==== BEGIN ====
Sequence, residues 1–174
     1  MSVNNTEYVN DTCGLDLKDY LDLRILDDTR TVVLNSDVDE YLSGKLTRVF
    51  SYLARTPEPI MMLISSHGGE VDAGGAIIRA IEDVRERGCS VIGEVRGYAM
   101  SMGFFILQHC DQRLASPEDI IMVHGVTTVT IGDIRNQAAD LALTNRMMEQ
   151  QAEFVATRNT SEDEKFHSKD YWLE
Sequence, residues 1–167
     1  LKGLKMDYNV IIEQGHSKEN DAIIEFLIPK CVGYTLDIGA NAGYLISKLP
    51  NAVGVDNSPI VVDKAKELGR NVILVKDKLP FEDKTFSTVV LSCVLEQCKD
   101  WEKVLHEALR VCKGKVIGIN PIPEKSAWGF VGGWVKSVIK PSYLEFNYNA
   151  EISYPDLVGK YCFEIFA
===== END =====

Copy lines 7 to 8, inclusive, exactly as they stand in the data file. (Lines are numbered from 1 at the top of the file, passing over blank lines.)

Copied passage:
     1  LKGLKMDYNV IIEQGHSKEN DAIIEFLIPK CVGYTLDIGA NAGYLISKLP
    51  NAVGVDNSPI VVDKAKELGR NVILVKDKLP FEDKTFSTVV LSCVLEQCKD